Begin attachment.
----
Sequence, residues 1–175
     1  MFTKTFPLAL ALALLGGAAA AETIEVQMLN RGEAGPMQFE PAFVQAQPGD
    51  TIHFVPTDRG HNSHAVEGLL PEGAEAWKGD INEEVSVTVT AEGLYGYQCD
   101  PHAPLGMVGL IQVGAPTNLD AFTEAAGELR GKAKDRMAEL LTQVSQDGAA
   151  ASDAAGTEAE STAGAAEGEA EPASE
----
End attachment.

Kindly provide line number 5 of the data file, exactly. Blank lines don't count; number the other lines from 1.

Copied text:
   151  ASDAAGTEAE STAGAAEGEA EPASE